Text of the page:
Some of the Most Tragic Airline Crashes in World History
Most airline and small plane crashes do not involve large numbers of fatalities. Travel by air is generally very safe, especially with advancements in technology and stricter standards of maintenance between flights. Even when accidents do occur, only six percent of commercial airline crashes in 2015 involved fatalities, according to the International Air Transport Association. Even small private plane crashes have a very similar ratio of miles flown to fatal accidents as cars do per mile driven. However, when things do go very wrong, hundreds may lose their lives in a matter of seconds. Listed below are some of the most tragic airline accidents in history, as described by CNN.com, excluding the 9/11 attack on the World Trade Center.
- 1974: A Turkish Airlines DC-10 crashed into a park in Ermenonville, France just after takeoff due to a sudden decompression malfunction. 346 people were killed;
- 1977: A Pan American World Airways Boeing 747 was hit by a KLM Royal Dutch Airlines Boeing 747 while still on the runway in the Canary Islands. 574 people were killed;
- 1979: 275 people were killed when an Air New Zealand DC-10 had a navigational malfunction and crashed into Mt. Erebus, Antarctica;
- 1985: 520 people were killed in Japan when a Japan Airlines Boeing 747 crashed soon after takeoff. While four survived, it was the single most deadly aviation accident involving just one aircraft;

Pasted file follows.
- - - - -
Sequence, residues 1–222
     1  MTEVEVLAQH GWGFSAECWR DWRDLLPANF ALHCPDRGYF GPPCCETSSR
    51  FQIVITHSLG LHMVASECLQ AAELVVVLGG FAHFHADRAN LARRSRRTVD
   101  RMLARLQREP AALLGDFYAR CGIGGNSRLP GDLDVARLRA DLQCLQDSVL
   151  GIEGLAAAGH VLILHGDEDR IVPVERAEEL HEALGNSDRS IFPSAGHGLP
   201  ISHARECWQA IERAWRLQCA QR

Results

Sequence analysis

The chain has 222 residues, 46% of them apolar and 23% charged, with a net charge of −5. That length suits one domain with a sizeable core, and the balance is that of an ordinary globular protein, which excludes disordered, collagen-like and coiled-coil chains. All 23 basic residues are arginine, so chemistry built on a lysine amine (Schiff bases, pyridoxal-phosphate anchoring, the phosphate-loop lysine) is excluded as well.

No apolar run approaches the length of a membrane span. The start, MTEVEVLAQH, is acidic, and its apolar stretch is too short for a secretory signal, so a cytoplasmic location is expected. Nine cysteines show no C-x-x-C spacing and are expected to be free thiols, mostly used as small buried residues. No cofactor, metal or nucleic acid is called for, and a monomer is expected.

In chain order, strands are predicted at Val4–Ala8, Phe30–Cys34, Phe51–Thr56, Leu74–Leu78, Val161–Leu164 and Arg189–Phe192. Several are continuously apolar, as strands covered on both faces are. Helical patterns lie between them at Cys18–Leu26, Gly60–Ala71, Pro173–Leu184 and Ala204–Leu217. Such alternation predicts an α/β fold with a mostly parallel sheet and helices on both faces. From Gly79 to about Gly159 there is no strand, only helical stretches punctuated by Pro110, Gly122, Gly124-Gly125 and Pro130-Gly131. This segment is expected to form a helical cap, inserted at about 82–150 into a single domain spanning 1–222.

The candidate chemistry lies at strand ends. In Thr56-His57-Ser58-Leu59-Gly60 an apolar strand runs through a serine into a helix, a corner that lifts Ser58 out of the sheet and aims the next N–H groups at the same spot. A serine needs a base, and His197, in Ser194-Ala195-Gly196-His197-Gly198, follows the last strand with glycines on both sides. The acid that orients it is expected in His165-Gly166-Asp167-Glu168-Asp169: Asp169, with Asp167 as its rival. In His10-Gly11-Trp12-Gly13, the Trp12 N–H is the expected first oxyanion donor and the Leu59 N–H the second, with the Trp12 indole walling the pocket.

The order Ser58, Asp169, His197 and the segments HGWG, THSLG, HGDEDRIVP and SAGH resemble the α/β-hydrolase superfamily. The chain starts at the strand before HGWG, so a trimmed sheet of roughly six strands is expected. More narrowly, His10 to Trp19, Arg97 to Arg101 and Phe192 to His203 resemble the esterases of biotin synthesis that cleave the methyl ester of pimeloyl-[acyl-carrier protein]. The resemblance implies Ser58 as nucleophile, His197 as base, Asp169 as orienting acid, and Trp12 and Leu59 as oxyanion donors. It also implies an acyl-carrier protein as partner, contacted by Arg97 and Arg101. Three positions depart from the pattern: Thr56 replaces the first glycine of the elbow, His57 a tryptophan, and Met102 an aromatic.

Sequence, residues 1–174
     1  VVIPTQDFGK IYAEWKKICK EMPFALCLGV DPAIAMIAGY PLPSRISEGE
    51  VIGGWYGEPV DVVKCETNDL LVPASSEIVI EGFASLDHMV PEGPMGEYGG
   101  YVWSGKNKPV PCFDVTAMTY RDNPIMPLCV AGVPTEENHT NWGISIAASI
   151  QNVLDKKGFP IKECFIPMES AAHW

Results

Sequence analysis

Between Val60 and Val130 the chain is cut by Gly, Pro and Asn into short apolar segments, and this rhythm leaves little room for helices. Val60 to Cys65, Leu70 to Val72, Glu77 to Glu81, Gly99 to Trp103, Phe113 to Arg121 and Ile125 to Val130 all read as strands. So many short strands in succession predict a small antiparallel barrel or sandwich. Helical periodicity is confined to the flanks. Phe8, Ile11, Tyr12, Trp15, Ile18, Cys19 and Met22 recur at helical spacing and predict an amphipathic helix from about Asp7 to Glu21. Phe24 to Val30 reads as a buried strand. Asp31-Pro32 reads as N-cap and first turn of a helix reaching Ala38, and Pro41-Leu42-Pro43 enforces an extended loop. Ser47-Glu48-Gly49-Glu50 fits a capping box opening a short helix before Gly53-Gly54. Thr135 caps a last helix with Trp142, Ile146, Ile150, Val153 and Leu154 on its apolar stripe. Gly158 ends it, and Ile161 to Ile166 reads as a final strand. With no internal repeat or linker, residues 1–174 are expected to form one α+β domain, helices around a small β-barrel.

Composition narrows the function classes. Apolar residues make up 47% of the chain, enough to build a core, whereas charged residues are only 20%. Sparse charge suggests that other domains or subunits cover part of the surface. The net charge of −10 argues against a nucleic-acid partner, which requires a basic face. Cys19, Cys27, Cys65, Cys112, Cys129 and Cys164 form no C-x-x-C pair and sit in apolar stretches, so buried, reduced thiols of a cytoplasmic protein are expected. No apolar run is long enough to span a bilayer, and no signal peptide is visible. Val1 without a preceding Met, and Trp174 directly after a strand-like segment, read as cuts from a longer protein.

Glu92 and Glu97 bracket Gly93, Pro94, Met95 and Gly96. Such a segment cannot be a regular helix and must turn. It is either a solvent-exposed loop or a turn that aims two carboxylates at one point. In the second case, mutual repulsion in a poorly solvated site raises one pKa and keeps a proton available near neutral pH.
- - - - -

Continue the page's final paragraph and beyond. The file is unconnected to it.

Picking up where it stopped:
- 1996: 349 people were killed when a Saudi Arabian Airlines Boeing 747 impacted mid-air with a Kazakhstan Airlines II-76 over the New Delhi airport;
- 1997: There were 26 miraculous survivors of Flight 801, a Boeing 747, that crashed into the jungle floor while heading to Guam. 228 were killed.
- 1997: An electrical short circuit most likely caused the Airbus A300 Garuda Indonesia Flight 152 to crash in Buah Nabar, Indonesia. 234 people were killed.
- 1998: A loss of all electrical power aboard Flight 111 of a Swissair MD-111 jet caused a crash off the coast of Nova Scotia, Canada, that left 229 people dead.
- 2001: The most fatal single-plane crash in U.S. history is that of American Airlines Flight 587 in Belle Harbor, Queens. 260 were killed, plus five more that were on the ground at the time of the crash.
- 2002: China Airlines’ Flight 611 was so worn out that metal fatiguing and cracking of the Boeing 747 caused a crash that took the lives of 225 people.